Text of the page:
Ivor reported that one of the investors, who he had spent a day with, was more interested in being able to realise their capital (i.e. get their money back) than they were in having control over a football club. There is a really important point to be made here – from the information available it seems like one of the three people we have come to consider as a potential investor may have been satisfied with an offer similar to the current Plough Lane Bond. We hope that this is an option which is now being explored! Amazingly the conversation seems to have remained focused on the idea of selling shares in the club. Mark and Ed were tasked with working out the details. The minutes indicate that “Strong guidance” was given to “protect the club’s existing fan ownership model“.

It was agreed that the issue would need to be presented to Dons Trust members. Five members of the Dons Trust Board: Luke, Jane, Rob, Hannah, and Cormac stood firm against the idea that the DTB should recommend selling control of our club .
It is impossible to know with certainty what might have come about if these 5 Dons Trust Board members hadn’t kept this view. It seems that they were the minority in the room on the night and there may have been significant pressure on them to not complicate matters, but by maintaining their stance we believe that they protected the interests of Dons Trust Members brilliantly, and this deserves to be recognised by us all.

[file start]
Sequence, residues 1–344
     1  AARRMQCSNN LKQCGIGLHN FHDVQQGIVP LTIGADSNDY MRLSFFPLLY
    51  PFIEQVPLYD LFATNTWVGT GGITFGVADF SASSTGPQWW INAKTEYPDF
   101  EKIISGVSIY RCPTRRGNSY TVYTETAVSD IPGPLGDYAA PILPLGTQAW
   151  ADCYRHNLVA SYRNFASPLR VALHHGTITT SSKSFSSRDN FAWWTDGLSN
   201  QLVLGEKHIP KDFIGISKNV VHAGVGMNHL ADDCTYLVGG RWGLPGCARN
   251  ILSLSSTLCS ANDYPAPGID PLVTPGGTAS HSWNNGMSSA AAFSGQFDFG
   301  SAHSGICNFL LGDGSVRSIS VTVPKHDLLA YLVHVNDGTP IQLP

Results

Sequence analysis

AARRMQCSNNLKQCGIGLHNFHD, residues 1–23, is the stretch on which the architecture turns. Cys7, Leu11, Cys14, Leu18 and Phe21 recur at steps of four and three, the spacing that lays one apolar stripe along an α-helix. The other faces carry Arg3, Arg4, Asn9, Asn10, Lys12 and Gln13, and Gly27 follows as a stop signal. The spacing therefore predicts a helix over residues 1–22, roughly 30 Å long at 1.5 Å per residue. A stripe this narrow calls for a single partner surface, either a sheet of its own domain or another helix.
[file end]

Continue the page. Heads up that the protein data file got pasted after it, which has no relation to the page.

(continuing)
There’s a lot to digest from these meeting minutes, and we plan to compile a list of questions for the Dons Trust Board, AFCW PLC Board, and Football Club Board, but for now we take our collective hat off to the Famous Five.

Minutes to go, AGM to come.

The past week has rightly been dominated by the enthusiastic and successful launch of the Plough Lane Bond, but in and amongst the push to raise the funding required to complete our new home it is important for Dons Trust members to take a look at the Dons Trust Board meeting minutes which were recently published.

The two documents released cover the DTB meetings which took place on 16th October and 27th November. For those of us keen to understand the decision-making processes in the last three months, the publication of these minutes goes some way to filling in the gaps, but they also raise some important questions and concerns which we, as Dons Trust members need to be aware of and ready to discuss.

We are preparing some observations and comments on the published minutes which will hopefully provide DT members with some additional food for thought, but in the mean time would recommend all Dons Trust members read them carefully for themselves.